Innovators at NASA’s Marshall Space Flight Center (MSFC) have developed a unique apparatus ideal for use in nondestructive testing (NDT) of hermetic seals of containers or instrumentation. The device is capable of detecting both large and small leaks and can be calibrated to characterize the relative leak rate. Its simple design does not require specialized gases for pressurization and detection and eliminates the need for expensive instrumentation such as a mass spectrometer to analyze leaks and achieve high sensitivity. Low in cost and simple to manufacture, the patent-pending technology is ideal for use in many industries, from aerospace applications to food packaging and commercial goods.
- Low cost: Features a design composed of inexpensive parts and requires no specialized equipment or pressurized gas
- Non-destructive: Does not require the removal of soft goods or part disassembly for testing
- Small: Offers a streamlined method of leak detection with minimal, lightweight components
- Sensitive: Detects large, medium, and very small leaks, offering robust operation at 10-6 cubic centimeters
per second (cc/sec) sensitivity
- Easily automated: Adapts easily for rapid in-line or batch testing
- Streamlined: Operates without the need for a vacuum pump, gas spectrometer, or chemical bath
- Aerospace (the device was developed to test the pressure sensor of the Space Shuttle solid rocket booster), particularly for sensors and equipment used in harsh environments that require hermetic seals
- Automotive components
- Electronic equipment, such as semiconductors, thermostats, switches, and optical devices
- Consumer goods packaging (food, pharmaceuticals, chemicals, etc.)
- Military (specialized equipment, harsh environments, highly explosive areas)
- Equipment used for research in other highly specialized environments, such as clean room
The technology offers a streamlined, cost-effective, sensitive approach to detecting leaks in hermetic seals.
How it works
A hermetically sealed item is placed in the leak detection system chamber, and the device is activated while the resulting pressure is monitored by a data collection system. Any large leak present is immediately indicated by the data system pressure response. For very small leaks, the system monitors the leak rate over time and can vary set points to greatly speed the leak rate determination. The system is sensitive enough to detect a container leak of 10-6 cc/min within 15 minutes. The leak detection system chamber can be of any size or shape to accommodate any type of sealed object.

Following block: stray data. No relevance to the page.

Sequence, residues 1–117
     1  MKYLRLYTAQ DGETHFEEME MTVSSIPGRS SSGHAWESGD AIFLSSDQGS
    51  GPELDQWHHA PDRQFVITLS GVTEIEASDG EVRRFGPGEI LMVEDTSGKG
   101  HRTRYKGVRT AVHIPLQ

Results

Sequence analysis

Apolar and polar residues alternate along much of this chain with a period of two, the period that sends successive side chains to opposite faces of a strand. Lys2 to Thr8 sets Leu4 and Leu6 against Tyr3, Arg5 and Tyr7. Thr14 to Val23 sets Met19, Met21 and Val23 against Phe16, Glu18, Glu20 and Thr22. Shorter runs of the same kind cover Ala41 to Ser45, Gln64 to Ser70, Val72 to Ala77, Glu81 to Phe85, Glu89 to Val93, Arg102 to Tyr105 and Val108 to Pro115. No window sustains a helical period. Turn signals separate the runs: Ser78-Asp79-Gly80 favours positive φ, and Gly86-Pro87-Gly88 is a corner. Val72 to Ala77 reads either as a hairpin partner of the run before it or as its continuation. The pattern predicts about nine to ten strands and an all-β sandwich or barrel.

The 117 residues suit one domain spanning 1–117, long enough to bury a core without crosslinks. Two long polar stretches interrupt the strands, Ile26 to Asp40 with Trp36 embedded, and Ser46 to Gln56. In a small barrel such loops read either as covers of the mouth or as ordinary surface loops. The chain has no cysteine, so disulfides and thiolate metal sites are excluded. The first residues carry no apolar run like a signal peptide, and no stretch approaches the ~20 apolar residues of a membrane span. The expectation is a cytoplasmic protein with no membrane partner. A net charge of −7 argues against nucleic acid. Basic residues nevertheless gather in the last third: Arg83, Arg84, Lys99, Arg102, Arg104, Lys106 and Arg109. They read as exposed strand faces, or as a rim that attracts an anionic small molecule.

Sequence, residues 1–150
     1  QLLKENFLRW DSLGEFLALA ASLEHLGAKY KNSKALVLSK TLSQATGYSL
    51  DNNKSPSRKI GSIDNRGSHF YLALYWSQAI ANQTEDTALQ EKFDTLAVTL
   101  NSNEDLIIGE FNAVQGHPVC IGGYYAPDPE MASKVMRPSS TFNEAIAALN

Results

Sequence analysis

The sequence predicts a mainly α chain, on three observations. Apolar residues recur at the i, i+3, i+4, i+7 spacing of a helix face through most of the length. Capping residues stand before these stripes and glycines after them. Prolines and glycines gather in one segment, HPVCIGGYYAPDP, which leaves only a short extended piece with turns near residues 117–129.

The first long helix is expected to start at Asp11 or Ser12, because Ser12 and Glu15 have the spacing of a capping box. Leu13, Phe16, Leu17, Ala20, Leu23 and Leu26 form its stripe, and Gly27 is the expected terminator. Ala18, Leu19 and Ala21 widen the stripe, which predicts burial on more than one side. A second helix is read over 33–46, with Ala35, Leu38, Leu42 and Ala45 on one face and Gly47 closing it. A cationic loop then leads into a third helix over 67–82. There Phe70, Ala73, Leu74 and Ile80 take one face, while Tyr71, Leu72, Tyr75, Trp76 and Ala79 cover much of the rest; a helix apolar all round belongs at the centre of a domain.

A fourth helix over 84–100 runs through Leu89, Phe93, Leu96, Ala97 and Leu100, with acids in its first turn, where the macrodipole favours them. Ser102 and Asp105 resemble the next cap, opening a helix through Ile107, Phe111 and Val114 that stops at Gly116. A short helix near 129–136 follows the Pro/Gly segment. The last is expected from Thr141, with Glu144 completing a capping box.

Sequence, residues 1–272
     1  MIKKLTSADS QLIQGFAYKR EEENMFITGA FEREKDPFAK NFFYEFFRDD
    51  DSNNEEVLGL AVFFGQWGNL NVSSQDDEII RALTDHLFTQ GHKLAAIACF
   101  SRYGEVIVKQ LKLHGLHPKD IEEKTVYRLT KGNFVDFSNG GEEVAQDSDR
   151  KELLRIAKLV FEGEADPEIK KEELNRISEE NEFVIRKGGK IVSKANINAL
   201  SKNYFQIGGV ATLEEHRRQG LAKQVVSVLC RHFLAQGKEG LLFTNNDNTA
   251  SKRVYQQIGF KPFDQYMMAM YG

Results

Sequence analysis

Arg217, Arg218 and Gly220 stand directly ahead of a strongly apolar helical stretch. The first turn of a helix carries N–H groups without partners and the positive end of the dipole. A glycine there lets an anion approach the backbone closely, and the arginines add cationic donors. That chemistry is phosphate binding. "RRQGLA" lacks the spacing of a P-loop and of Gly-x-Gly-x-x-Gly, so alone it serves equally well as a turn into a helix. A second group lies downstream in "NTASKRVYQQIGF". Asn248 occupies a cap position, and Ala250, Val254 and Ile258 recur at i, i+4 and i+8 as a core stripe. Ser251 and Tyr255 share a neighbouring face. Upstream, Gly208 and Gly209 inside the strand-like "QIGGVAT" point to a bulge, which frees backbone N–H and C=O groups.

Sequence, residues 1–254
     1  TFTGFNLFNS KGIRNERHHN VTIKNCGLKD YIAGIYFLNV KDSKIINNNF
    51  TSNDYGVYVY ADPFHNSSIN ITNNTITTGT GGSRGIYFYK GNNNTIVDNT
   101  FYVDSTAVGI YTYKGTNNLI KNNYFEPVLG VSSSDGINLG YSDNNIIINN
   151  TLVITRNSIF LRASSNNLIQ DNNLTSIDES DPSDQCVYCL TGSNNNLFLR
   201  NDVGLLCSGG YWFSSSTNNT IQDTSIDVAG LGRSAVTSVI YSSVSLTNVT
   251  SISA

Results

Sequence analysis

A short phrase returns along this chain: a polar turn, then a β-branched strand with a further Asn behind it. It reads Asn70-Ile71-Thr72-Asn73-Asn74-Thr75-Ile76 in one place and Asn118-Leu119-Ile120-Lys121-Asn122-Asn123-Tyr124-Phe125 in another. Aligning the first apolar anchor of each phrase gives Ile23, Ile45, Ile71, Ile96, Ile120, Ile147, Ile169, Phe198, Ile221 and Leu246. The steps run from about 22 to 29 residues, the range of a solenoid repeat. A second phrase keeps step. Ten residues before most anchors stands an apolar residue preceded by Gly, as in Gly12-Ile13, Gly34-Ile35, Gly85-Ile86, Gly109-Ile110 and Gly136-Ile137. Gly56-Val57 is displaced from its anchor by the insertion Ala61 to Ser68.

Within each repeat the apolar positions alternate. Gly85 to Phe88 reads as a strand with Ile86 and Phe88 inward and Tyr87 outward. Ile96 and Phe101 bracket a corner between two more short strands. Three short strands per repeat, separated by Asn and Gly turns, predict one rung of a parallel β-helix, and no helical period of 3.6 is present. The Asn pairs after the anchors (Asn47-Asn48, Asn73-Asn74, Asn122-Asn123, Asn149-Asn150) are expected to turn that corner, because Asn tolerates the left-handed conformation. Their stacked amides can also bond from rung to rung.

Why it is better
The technology offers a highly sensitive method of detecting leaks in hermetic seals (i.e., airtight seals) that is more streamlined and lower in cost than other available methods with similar sensitivity. The most accurate traditional method involves pressurizing the hermetic seal device with helium, placing the device in a vacuum bell jar, and using a mass spectrometer to determine if any of the helium leaks from inside the device. This process is expensive, time consuming, and complicated. By contrast, Marshall's innovation uses very few parts and does not require any specialized equipment or pressurized gasses, minimizing the required maintenance and overall cost of operation.
While mass spectrometry offers highly sensitive detection, the technology is relatively expensive. Less expensive methods do not offer the level of sensitivity needed for many applications such as automotive components, pharmaceuticals, or consumer goods packaging. The subject technology provides a solution to this sensitivity/price gap by offering high sensitivity at a significantly lower cost, as demonstrated by testing on the Space Shuttle solid rocket booster pressure sensors.
This technology is part of NASA’s technology transfer program, which seeks to transfer technology into and out of NASA to benefit the space program and U.S. industry. NASA invites companies to inquire about licensing the Hermetic Seal Leak Detection Technology (MFS-32737-1) for further development and commercial applications.
Marshall Space Flight Center has applied for patent protection for this technology.
If you would like more information about this technology or about NASA’s technology transfer program, please contact:
NASA's Marshall Space Flight Center
Technology Commercialization Manager
Phone: (256) 544-5226
Fax: (256) 544-4810